A California man is about to be declared cured of HIV and blood cancer.
Paul Edmonds, 68, who made international headlines last year when he shared his story, still has no trace of either condition after five years.
In a new article from the medical team that treated him, doctors said he was officially cured of cancer and was two years away from being declared cured of HIV, when he would have been off HIV medication for five years.
But Edmonds’ journey has been tumultuous. He was diagnosed with AIDS in 1988, at a time when the virus was often a death sentence.
Despite seeing many of his friends die from the infection, he persevered and lived happily married to his husband until a devastating leukemia diagnosis in 2018 seemed to ruin his future plans.
He was treated for cancer with stem cell therapy, which involves replacing stem cells damaged by chemotherapy with healthy cells from a donor, when doctors saw a unique opportunity to find a donor with an HIV-resistant genetic mutation.
Paul Edmonds, 68 (pictured), became the fifth person to be cured of HIV after receiving a rare stem cell treatment.
In February 2019, Edmonds received stem cells from her donor.
Edmonds is one of only five to have defeated both diseases and the oldest person to do so.
“I’m extremely grateful…I can’t thank them enough,” Edmonds said of his doctors at the City of Hope clinic in California.
Mr. Edmonds, of Desert Hot Springs, Riverside County, received a stem cell transplant, which is the final segment of treatment for blood cancers such as leukemia and lymphoma, in which the stem cells that form the blood in the patient’s bone marrow. by radiation or chemotherapy.
Stem cells are special human cells with the ability to become many different types of cells, such as muscle cells or brain cells.
Healthy blood-forming stem cells from a donor with similar genes are transplanted into the patient, meaning they can begin to create cancer-free blood.
In Mr. Edmonds’ case, the donated stem cells also had a rare genetic mutation associated with HIV-1 resistance.
He was diagnosed with HIV and AIDS in 1988, during the peak of the epidemic in the country, which he said seemed like a death sentence.
“People died within a few years of finding out they were positive,” he said of his experience with AIDS in San Francisco in the 1980s. “A dark cloud covered the city.”
Mr. Edmonds had been receiving antiretroviral therapy for HIV since 1997, which had suppressed his virus to undetectable amounts.
But the therapy does not completely cure HIV, so the virus was always present in his immune cells in the blood.
This means that if therapy is stopped, the virus begins to multiply and will become detectable in the blood again.
In 2018 he was diagnosed with leukemia. Older HIV patients often develop blood cancers due to their weakened immune systems.
Mr. Edmonds’ cancer, acute myeloid leukemia (AML), is a type of blood cancer that begins in young white blood cells in the bone marrow.
There are approximately 19,500 new cases in the United States each year.
Symptoms may include ffatigue, fever, ffrequent infections, bwrinkling or bleeding easily, including nosebleeds or heavy periods, and weight defeats.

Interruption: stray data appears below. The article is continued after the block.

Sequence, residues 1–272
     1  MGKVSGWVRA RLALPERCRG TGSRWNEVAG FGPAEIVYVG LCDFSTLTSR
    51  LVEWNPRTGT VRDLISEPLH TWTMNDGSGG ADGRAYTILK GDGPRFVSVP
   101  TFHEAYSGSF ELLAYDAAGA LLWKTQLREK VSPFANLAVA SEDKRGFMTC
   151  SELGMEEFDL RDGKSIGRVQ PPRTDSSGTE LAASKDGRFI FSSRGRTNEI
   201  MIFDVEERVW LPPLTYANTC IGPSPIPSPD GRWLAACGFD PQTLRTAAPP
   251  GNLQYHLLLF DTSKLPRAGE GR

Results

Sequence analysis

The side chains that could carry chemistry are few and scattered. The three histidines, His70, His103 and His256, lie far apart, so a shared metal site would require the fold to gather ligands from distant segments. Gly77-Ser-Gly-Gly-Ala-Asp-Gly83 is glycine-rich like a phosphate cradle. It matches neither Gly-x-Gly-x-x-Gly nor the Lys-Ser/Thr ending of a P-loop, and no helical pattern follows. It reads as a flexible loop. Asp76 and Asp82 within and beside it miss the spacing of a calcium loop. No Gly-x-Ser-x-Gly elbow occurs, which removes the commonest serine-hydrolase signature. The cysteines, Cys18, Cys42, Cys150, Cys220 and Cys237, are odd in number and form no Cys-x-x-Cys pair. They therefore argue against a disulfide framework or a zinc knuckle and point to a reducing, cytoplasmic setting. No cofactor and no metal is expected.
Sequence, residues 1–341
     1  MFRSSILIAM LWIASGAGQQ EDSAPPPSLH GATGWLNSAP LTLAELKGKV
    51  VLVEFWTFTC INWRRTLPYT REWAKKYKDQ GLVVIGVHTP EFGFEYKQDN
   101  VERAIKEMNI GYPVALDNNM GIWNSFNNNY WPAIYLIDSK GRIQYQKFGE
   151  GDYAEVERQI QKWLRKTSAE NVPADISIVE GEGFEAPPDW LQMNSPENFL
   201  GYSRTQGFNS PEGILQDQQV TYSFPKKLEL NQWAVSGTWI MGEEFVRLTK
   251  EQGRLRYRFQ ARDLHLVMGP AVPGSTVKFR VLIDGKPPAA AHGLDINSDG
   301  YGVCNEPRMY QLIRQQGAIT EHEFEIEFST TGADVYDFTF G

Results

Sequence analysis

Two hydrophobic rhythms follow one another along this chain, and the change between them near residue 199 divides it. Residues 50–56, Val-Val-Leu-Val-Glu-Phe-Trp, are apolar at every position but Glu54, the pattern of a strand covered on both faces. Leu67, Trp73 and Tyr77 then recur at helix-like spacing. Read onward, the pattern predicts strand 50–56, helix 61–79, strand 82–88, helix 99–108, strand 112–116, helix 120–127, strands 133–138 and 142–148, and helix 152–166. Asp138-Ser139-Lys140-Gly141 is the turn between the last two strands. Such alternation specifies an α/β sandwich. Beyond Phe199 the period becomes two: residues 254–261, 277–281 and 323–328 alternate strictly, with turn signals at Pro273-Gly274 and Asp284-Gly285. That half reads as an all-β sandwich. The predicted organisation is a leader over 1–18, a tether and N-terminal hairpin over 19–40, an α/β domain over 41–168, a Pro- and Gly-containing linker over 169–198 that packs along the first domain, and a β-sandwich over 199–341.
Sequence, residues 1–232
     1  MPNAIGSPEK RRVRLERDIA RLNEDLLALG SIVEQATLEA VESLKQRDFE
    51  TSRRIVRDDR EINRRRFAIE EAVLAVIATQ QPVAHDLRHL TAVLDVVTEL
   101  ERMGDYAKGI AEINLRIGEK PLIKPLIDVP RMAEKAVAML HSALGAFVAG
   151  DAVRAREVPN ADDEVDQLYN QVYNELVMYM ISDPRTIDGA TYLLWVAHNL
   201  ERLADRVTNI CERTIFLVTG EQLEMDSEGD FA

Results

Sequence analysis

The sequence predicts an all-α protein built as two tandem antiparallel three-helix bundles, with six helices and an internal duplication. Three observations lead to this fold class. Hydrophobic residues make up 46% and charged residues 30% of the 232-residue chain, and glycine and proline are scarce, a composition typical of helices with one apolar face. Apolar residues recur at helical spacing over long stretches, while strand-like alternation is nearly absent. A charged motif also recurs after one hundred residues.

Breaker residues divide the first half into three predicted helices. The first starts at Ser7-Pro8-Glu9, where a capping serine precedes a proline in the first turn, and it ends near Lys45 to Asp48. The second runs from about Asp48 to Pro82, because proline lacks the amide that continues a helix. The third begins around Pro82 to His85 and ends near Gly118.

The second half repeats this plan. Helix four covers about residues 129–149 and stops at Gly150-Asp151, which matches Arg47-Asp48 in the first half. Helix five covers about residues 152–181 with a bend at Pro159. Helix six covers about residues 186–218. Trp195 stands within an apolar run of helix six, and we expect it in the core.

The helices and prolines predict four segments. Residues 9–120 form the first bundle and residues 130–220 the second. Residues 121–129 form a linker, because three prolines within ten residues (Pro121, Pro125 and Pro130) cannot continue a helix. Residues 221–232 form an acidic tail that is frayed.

The exact cause of AML is unclear.
Transplant patients must first go into cancer remission, which typically requires intense chemotherapy to kill cancer cells.
Giving chemotherapy to patients receiving intravenous antiretroviral therapy, as Mr. Edmonds did, can be complicated because the chemotherapy can briefly lower the patient’s immune system.
In November 2018, Edmonds began chemotherapy. He needed three rounds to achieve remission, which was achieved in mid-January 2019.
The following month, Edmonds received stem cells from her donor.
The stem cells they gave him had two copies of a rare genetic mutation called CCR5 delta-3, which makes people resistant to HIV.
Only one or two percent of the population has this mutation.
HIV uses the CCR5 receptor to enter and attack the immune system, but the CCR5 mutation prevents the virus from entering this way.
The transplant completely swapped Mr. Edmond’s bone marrow and blood stem cells for those of the donor.
Since the transplant, he has shown no signs of AML or HIV.
Edmonds is one of five people worldwide who have achieved HIV remission thanks to a stem cell transplant.
“The City of Hope case demonstrates that it is possible to achieve HIV remission even at an older age and after living with HIV for many years,” said Dr. Jana Dickter, clinical professor in City’s Division of Infectious Diseases. of Hope.
“In addition, remission can be achieved with a lower intensity regimen than the therapy received by the other four patients who went into remission for HIV and cancer.”
“As people with HIV continue to live longer, there will be more opportunities for personalized treatments for their blood cancers,” he added.
The case was described in New England Journal of Medicine.
Dr. Stephen Forman, a professor in the Department of Hematology and Hematopoietic Cell Transplantation, said the hospital “won’t stop there.”
“Our researchers are working on creating stem cells that have the genetic mutation that makes them naturally resistant to HIV, among other research initiatives,” he said.